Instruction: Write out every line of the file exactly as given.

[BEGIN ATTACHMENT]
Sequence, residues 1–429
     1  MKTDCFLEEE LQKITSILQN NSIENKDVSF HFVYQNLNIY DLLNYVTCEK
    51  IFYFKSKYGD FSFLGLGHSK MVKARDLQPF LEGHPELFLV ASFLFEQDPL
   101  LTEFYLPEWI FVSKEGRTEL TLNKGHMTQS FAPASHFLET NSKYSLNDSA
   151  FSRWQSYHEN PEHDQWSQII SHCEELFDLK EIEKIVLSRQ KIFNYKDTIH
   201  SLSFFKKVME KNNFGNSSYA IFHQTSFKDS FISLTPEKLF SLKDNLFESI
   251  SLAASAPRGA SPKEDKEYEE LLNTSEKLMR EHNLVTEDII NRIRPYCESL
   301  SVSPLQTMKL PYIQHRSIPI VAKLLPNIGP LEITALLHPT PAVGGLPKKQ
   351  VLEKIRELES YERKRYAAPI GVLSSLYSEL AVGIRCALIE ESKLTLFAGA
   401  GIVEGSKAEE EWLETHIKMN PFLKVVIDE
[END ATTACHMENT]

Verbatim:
Sequence, residues 1–429
     1  MKTDCFLEEE LQKITSILQN NSIENKDVSF HFVYQNLNIY DLLNYVTCEK
    51  IFYFKSKYGD FSFLGLGHSK MVKARDLQPF LEGHPELFLV ASFLFEQDPL
   101  LTEFYLPEWI FVSKEGRTEL TLNKGHMTQS FAPASHFLET NSKYSLNDSA
   151  FSRWQSYHEN PEHDQWSQII SHCEELFDLK EIEKIVLSRQ KIFNYKDTIH
   201  SLSFFKKVME KNNFGNSSYA IFHQTSFKDS FISLTPEKLF SLKDNLFESI
   251  SLAASAPRGA SPKEDKEYEE LLNTSEKLMR EHNLVTEDII NRIRPYCESL
   301  SVSPLQTMKL PYIQHRSIPI VAKLLPNIGP LEITALLHPT PAVGGLPKKQ
   351  VLEKIRELES YERKRYAAPI GVLSSLYSEL AVGIRCALIE ESKLTLFAGA
   401  GIVEGSKAEE EWLETHIKMN PFLKVVIDE